By Adam Smith on October 16th, 2013 at 11:00 am.
If turn-based strategy games tickle your fancy and you’ve never heard of the Dominions series, it might be best to turn away now. That is if you don’t want to spend the next couple of days poring over a hefty manual, the next couple creating a succession of pretender gods, and the following weeks and months attempting to ascend to a Position of Ultimate Power. I dabbled briefly with Dominions 3 but since the release of the fourth instalment a few days ago, I’ve lost most of my self to the game. I’ll write much more as soon as I’ve managed to win the game while playing as a totem pole, but for now, I shall compile a brief list of reasons as to why you may be interested, whether you’ve played Dominions 3 or not.
The manual for Dominions 4 really is enormous and there are supplemental guides for every sort of spell in the game as well. That’s necessary because there are more than eight hundred of the things, from basic combat spells to world-sundering global effects. Here are some more numbers:
300 magic items
Infinite Gods (or near enough)
Infinite Gods! It’s that kind of game, one in which you probably won’t see everything in a lifetime, never mind a single campaign. Indeed, you won’t see anything near a tenth of the total in one playthrough because every nation has a unique set of creatures to its name and you can’t stick them all on one map.
When the game begins, players choose a nation and create a pretender, which is their avatar in the world and the item/creature/person that they are attempting to elevate to godhood. Nations range from Lovecraftian underwater cities to Arthurian kingdoms and pretenders can be anything from a lich lord to an inanimate fountain of blood. The variety is astounding and every early decision has an impact on later strategies.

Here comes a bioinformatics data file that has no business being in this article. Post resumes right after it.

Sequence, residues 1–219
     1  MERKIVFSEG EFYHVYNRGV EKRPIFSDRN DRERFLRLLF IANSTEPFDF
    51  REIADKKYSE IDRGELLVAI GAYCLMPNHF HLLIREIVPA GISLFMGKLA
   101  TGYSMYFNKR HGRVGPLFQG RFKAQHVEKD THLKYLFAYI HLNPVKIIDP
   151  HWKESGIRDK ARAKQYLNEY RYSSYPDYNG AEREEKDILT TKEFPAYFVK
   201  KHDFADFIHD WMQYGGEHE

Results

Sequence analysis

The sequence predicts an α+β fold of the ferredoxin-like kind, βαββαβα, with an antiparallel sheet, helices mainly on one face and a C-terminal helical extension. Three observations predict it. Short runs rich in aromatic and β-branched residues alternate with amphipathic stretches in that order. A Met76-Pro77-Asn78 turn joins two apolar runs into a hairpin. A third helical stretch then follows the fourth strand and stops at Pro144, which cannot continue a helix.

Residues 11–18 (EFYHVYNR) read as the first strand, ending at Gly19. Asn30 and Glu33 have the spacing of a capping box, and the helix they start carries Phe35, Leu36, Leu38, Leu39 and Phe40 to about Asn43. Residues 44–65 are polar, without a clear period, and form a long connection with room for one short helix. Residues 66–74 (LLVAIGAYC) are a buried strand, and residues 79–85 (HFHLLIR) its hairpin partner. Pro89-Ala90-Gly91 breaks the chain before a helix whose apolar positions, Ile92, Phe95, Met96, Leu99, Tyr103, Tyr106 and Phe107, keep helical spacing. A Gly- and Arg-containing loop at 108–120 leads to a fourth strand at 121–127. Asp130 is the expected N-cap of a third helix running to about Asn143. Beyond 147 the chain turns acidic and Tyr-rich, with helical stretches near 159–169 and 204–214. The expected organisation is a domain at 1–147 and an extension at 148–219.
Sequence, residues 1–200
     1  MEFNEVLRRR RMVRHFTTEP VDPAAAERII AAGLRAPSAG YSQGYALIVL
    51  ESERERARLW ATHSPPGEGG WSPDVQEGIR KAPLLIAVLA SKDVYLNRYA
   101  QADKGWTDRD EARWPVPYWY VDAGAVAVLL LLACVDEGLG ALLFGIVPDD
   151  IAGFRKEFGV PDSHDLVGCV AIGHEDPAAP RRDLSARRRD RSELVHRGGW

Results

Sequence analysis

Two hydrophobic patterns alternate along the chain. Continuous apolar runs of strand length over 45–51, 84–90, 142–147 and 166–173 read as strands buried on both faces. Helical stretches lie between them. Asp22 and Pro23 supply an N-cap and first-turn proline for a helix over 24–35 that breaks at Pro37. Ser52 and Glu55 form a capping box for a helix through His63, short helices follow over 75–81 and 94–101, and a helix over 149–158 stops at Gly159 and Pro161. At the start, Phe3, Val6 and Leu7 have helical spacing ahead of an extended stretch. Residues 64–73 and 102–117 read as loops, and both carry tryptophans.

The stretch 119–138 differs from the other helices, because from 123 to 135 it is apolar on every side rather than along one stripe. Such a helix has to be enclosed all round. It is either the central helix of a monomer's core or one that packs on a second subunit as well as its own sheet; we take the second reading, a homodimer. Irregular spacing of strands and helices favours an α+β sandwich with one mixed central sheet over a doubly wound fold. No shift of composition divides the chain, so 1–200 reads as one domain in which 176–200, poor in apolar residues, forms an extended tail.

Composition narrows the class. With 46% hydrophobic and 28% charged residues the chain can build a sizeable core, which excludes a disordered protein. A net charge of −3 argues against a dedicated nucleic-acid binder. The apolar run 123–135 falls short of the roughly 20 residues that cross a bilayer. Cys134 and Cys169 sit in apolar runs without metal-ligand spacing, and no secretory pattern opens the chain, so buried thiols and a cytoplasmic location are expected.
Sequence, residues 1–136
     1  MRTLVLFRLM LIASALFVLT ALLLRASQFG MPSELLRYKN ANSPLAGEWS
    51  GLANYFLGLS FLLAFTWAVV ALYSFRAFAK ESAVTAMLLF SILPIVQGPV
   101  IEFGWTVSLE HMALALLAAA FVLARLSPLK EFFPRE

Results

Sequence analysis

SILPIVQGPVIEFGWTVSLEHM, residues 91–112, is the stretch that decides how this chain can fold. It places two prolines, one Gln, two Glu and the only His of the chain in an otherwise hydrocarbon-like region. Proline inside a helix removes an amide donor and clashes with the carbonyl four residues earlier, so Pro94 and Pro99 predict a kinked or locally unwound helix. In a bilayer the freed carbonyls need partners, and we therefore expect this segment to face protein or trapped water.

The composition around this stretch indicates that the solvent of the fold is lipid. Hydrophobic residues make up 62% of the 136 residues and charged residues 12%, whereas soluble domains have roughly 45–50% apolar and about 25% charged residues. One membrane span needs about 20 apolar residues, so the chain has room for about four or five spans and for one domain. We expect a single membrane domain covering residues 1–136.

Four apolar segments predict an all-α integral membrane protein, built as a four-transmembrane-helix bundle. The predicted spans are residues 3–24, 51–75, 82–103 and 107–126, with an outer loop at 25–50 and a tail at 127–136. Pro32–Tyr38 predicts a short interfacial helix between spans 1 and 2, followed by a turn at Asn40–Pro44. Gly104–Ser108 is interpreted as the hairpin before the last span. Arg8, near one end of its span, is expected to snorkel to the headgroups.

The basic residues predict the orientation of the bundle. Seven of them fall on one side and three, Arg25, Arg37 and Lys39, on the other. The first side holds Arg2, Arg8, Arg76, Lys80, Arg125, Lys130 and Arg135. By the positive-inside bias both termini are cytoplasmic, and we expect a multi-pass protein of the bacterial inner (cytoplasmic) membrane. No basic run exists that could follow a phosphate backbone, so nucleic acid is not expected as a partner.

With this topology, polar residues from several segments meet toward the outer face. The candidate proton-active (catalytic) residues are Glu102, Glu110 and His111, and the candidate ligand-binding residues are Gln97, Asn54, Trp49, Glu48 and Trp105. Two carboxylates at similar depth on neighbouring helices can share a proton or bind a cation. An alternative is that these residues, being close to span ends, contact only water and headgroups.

Creating a god is quite tricky. Feels like more of a responsible task than creating a dwarf cleric, although beards can be just as important. Who among us would worship a totem pole that didn’t boast a particularly impressive Hulihee?
Once on the map, the game settles into a pattern of conquest and development that is somewhat easier to get a handle on than the creation process, although there are still a great deal of options and the interface, though not actively unfriendly, can occasionally hide its secrets too well. Interfaces shouldn’t really have secrets at all.
The biggest addition to this sequel is a co-operative multiplayer mode built around the concept of Disciples – for each team, one player controls the pretender god while the others control powerful prophets. I haven’t had a chance to try it yet but intend to recruit at least one node of the Hivemind to my cause. Along with Disciples, the game also adds Thrones of Ascension, specific objectives that are optionally scattered across the map. As well as providing a stronger focus for short-term conquest, they create potentially game-changing effects when seized. There are also new terrain types, contributing to complex random maps, and additional items, spells, nations and unit types.
I’m thoroughly absorbed, only surfacing to write posts like this and to change my music playlist occasionally. I find that Dominions suits ambient electronica, unless I’m playing (as currently) an all-consuming sylvan mother-tree, in which case I opt for a spot of Matt Berry’s folk-fear.
Dominions 4 is out now. I’ll tell you exactly wot I think as soon as possible.